Exclusivity: Understanding territory

Exclusivity is a concept of great interest to franchisors and franchisees alike but often disputes arise because the parties involved do not agree on what they thought the other intended. Sadly, the franchise agreement does not always provide a clear answer

Where the agreement states: 'The Franchisor grants the Franchisee the right to operate the Business in the Territory using the Trade Marks and System', a prospective franchisee can be forgiven for presuming that this equates to the grant of an exclusive franchise area. However, it is vital to understand that the true extent of the franchisee's territory is defined not only by what the agreement allows it to do, but also by the restrictions that the franchisor agrees to observe in the defined contract territory.

The franchisee must ensure that the agreement restricts the franchisor from operating on its own account in the defined territory and from granting any third party with a licence to operate using the Trade Marks and the System. To be truly exclusive, the franchisee requires an unqualified right to operate in an area and to know that the franchisor cannot grant rights to a third party or operate directly in that area.

Increasingly, agreements contain clauses confirming that the franchisor will accept such restrictions provided the franchisee performs as required in the territory. Without this proviso, the franchisor may regret being bound by an exclusive grant of territory where the franchisee fails to meet trading expectations. For this reason, there is a trend to grant exclusivity subject to conditions, usually requiring that the franchisee meets expectations as measured by a business plan or key performance indicators.

The rise of the importance of websites and the right to respond to enquiries generated by the franchisor's website has led to concern by franchisees about how the website operates alongside a traditional territory defined on the ground rather than the worldwide web. The franchise agreement may give the franchisor the ability to decide which franchisee receives the enquiry and sometimes permit the franchisor to supply the customer directly without reference to the franchisee, even if the customer resides in the franchisee's contract territory. The prospective franchisee must be aware of clauses along the lines of 'Nothing in this Agreement shall prevent the Franchisor from establishing a website for the purposes of procuring customers (which customers shall be the Franchisor's customers) whether or not such customers are situated within the Territory'. If the franchise agreement contains a provision such as this the degree of exclusivity enjoyed by a franchisee will be reduced.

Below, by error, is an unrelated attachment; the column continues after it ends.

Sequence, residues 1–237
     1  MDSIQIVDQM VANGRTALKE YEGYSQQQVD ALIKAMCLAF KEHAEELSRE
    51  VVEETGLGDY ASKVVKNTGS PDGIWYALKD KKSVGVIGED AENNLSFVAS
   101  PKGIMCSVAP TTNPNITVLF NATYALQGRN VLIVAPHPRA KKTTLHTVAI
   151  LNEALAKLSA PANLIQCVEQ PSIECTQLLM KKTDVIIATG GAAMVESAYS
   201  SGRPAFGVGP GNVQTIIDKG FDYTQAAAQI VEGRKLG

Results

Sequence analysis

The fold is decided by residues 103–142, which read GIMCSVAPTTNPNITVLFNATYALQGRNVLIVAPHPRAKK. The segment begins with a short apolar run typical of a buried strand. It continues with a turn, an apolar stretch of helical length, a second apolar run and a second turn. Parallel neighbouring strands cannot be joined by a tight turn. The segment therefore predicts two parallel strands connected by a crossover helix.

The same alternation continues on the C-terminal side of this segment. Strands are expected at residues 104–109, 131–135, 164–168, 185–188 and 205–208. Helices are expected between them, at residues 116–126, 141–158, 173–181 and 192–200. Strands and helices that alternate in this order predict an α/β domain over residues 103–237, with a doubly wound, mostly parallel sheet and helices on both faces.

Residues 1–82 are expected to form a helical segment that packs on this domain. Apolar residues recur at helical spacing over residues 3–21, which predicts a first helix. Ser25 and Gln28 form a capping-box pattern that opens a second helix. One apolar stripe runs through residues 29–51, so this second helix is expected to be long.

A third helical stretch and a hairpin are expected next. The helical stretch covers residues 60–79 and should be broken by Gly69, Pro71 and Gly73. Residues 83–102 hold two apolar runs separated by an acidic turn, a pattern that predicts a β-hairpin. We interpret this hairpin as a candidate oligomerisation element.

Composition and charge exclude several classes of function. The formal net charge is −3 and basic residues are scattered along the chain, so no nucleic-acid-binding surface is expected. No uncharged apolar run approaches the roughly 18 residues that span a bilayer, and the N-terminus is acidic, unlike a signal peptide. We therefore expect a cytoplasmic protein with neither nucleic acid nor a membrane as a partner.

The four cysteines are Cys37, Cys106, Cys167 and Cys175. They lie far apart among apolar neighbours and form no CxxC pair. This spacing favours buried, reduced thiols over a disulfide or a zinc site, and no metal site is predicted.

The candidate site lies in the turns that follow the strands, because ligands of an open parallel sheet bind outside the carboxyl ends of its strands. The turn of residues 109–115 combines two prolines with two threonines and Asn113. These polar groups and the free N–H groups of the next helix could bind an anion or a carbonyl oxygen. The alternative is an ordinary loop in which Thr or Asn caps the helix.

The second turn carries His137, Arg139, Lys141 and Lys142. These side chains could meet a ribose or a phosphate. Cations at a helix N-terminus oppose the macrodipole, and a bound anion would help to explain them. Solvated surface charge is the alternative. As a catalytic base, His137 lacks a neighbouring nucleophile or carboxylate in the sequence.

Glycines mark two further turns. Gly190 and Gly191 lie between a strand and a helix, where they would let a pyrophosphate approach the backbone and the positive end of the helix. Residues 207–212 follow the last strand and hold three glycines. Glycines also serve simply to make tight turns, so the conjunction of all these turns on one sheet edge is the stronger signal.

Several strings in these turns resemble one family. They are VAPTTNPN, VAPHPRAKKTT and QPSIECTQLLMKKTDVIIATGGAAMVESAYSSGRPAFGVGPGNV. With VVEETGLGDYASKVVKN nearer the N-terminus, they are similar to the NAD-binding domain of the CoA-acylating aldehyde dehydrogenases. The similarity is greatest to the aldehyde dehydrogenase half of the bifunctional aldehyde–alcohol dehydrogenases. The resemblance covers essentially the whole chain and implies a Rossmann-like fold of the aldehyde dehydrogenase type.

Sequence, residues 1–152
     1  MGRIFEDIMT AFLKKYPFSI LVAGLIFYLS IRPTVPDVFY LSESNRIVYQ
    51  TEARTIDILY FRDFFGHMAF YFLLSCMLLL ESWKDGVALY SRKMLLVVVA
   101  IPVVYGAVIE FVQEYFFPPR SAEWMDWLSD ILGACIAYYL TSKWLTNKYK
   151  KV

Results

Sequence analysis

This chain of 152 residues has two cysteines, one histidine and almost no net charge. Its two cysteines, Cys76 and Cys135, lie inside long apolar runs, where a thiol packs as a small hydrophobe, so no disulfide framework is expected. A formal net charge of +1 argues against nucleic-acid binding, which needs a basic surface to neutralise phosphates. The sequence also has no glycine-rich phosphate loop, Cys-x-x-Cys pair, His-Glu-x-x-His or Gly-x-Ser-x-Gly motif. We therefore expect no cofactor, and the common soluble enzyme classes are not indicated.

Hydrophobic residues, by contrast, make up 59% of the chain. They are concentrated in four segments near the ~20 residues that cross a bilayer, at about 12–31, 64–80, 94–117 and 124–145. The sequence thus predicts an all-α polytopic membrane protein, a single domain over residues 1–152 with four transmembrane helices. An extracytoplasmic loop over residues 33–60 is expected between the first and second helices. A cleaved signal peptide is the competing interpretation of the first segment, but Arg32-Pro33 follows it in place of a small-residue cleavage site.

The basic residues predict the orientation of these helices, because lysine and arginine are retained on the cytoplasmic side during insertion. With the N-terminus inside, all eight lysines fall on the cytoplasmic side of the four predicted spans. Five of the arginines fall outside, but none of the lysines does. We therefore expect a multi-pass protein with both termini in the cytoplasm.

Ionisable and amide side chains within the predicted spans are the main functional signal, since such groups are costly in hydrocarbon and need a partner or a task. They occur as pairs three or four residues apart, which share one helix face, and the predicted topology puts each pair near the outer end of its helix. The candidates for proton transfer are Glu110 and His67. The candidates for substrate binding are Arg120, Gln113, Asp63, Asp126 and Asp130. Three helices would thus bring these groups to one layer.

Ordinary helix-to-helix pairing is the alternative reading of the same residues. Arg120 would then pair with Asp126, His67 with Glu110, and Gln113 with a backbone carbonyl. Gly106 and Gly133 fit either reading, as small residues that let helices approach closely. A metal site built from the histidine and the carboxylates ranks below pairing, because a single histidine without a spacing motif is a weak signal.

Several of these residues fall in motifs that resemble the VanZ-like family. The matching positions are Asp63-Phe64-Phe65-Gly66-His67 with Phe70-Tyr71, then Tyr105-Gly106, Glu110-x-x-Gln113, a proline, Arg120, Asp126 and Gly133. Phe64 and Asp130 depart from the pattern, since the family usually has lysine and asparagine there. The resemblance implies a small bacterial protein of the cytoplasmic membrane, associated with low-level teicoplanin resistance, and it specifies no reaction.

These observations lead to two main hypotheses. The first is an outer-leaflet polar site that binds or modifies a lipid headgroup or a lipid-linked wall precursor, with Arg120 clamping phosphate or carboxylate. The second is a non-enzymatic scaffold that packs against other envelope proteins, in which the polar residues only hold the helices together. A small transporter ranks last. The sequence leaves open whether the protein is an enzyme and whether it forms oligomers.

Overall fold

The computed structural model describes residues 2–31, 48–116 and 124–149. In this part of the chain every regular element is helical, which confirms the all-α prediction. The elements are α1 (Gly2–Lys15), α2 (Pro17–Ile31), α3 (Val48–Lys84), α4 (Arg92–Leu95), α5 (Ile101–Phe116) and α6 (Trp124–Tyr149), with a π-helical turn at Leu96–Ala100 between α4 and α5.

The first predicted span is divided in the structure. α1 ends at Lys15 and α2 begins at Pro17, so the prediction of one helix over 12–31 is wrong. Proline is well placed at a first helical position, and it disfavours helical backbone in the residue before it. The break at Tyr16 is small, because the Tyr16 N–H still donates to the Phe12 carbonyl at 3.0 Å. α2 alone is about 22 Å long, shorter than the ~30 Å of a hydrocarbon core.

Exclusivity is often much sought after by prospective franchisees, and while it is sensible for franchisees to focus their marketing efforts in a defined geographical area, in some businesses a non-exclusive trading area may be more beneficial to a franchisee as he will not be constrained to operate within the franchise territory only.

Prospective franchisees should ensure that they have a clear understanding of their rights and of the restrictions that the franchisor will be bound before they sign the agreement. The prospective franchisee should not rely on the verbal statements made by the franchisor or set out in the franchisor's marketing literature concerning territory. Before signing the agreement, the prospective franchisee must ensure that the franchise agreement correctly reflects what the prospective franchisee is expecting as far as exclusivity is concerned.

If there is any doubt, for example in relation to how enquiries from websites will be dealt with or the conditions on which exclusivity can be reduced or removed, advice should be obtained from an experienced franchise lawyer before a prospective franchisee signs the franchise agreement.

Text: Jane Masih